The internal components of the P1529 are based on Xtrac’s successful Le Mans winning P626 and P529 gearboxes, which can trace their pedigree back to the P164 gearbox used by Le Mans winners BMW in 1999 and Bentley in 2003.   As if to underline their pure-bred reliability, these durable transmissions are still used around the world in LMP2, GTE and GT3 applications.

The third major new design displayed at the Autosport Engineering Show was the P1159 gearbox. Designed initially as a 7-speed transverse transmission to suit LMP1 regulations for 2014, it’s now available as a lower cost 6-speed version to suit LMP2 race cars for 2015.

“Through the use of a wide range of available input bevel and final drive ratios all engine permutations can be accommodated,” says Moore.  “The P1159 gearbox has a sequential gear-change system that can be operated by a conventional pneumatic shift cylinder, MEGA-Line’s new direct drive e-motor, or the new Xtrac MEGA-Line integrated IVA system.”

Xtrac’s Race to Road advanced technology transfer initiative –
As well as discussing customer requirements with trade visitors throughout the Autosport Engineering Show, assisted by the company’s longest serving employees, development director Cliff Hawkins and managing director Peter Digby, Xtrac’s technical director Adrian Moore also participated in a high level ‘Motorsport to Automotive Workshop’ organised by the Motorsport Industry Association (MIA).  For this workshop, Moore explained how a motorsport company can get actively involved in the development of innovative technologies for the next generation of road cars.

The workshop followed the previous day’s participation by James Setter, head of Xtrac’s automotive and engineering business unit, and business manager George Laughton, in the similarly themed 7th International Low Carbon Racing Conference also organised by the MIA.

Both conference and workshop encouraged members of the UK’s motorsport industry to benefit from a greater involvement in the automotive mainstream, which globally is fast approaching the production of 100 million vehicles per annum and requires advanced technology to mitigate their environmental impact.  Moore commented on Xtrac’s own experience of diversifying its technology into the automotive mainstream.

“We’re a motorsport company and the majority of our business will remain in motorsport” Moore informed workshop delegates.  “But we’ve spent some time exploring the automotive mainstream with successful projects and more to follow, so it’s useful to other motorsport suppliers seeking to get involved in the automotive sector to reveal the sort of things we’ve done and how we’ve done it.”

Example projects mentioned by Moore include a track day car programme with Pagani, which led to the development of an advanced road car transmission for the Huayra supercar ideally suited to the low volumes Xtrac prefers to manufacture.  Other recent Xtrac programmes cited by Moore, aligned with UK government aspirations to be a world leader in low carbon vehicle developments, include the design and supply of an efficient transmission system for range extender taxicabs currently on trial in London.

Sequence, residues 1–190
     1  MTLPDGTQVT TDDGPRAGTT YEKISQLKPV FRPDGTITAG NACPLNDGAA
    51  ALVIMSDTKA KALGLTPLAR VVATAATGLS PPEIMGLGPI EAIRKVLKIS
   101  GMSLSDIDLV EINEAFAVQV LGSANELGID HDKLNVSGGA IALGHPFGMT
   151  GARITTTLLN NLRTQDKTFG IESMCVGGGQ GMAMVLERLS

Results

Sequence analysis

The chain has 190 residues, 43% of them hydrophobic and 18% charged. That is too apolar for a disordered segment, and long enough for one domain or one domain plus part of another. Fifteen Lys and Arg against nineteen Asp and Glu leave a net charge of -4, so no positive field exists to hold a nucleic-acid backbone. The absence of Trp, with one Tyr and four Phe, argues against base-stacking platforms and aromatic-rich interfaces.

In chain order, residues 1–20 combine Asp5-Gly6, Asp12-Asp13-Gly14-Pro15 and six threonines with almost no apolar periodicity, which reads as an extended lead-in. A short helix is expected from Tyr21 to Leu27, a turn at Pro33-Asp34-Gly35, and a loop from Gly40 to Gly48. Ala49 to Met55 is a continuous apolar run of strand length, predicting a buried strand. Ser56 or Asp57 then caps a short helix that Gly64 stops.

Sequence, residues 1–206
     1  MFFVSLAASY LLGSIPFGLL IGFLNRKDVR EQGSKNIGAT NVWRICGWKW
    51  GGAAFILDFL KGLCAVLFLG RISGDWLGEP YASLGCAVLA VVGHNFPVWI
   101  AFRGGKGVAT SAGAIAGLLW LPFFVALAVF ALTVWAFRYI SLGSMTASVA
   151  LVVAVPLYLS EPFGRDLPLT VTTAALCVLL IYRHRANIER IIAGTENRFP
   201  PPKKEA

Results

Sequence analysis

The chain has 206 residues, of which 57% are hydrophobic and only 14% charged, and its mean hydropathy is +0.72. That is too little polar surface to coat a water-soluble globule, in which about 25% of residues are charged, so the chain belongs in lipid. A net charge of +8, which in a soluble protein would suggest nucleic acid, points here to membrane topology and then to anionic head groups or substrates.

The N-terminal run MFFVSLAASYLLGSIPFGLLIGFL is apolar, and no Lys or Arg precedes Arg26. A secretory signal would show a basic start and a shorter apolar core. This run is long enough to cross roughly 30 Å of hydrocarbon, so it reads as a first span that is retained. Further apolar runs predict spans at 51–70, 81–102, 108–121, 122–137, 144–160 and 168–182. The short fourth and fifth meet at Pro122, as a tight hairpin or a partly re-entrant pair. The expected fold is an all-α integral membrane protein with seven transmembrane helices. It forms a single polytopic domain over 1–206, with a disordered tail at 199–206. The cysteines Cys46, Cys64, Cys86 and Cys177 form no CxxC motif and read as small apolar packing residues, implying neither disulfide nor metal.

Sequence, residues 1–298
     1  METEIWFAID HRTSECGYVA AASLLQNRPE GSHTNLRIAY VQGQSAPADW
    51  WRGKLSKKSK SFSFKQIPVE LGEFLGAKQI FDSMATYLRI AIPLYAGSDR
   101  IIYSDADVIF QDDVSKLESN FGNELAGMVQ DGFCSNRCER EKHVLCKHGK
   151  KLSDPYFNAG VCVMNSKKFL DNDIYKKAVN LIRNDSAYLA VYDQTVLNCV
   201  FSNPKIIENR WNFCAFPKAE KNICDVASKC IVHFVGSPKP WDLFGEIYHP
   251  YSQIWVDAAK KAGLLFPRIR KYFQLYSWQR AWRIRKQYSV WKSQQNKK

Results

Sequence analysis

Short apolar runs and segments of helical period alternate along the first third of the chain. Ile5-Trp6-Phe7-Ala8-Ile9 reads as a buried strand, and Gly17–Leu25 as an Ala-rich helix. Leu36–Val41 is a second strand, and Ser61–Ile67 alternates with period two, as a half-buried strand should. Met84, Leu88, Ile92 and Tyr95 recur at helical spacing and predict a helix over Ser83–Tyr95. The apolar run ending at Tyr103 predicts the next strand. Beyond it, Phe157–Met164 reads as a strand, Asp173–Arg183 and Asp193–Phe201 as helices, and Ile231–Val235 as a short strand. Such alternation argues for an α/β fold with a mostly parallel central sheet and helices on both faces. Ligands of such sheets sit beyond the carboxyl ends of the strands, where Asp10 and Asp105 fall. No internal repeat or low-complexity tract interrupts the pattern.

These automotive programmes have been preceded by Xtrac’s involvement in the UK government’s successful automotive industry collaborations to develop technology through the Technology Strategy Board, now known as Innovate UK.   Examples of such projects include the Lotus Evora 414E, the Infiniti EMERG-E, and the Jaguar XJ_e plug-in hybrid – all three vehicles developed as part of a TSB project called REEVolution.  The projects brought together different organisations to work together – in this case suppliers Axeon Technologies, EVO Electric and Xtrac, with carmakers Jaguar Land Rover, Lotus and Nissan, to work on next-generation components for range extender and plug-in hybrid electric vehicles.

“We’re equipped to produce low volumes for motorsport, so automotive R&D programmes co-funded by InnovateUK or the Advanced Propulsion Centre appeal to us because they fit our business perfectly,” said Moore.  “We’ve applied efficient motorsport techniques to automotive programmes, but we’ve also learnt some different things from automotive that have benefited our motorsport business.”

The MIA workshop discussion was chaired by Jerry Hardcastle, chairman of the UK’s influential Automotive Council Technology Group, which invited the MIA to join the organisation in 2013 when he described the invite as “one of the most substantial business opportunities for UK motorsport in its history.”

Two other speakers at the workshop were Nick Carpenter technical director at Delta Motorsport, and Garry Wilson director of business development for the UK’s billion pound initiative known as the Advanced Propulsion Centre.

Wilson explained that the APC was formed in 2013 following a commitment between the UK government and automotive industry through the Automotive Council to position the UK as a global centre of excellence for low carbon powertrain development and production.

“It is a central pillar of the industrial strategy created by the Automotive Council,” Wilson told delegates.  “And the role of the APC is to position the UK as a centre of excellence for low carbon propulsion development and production.”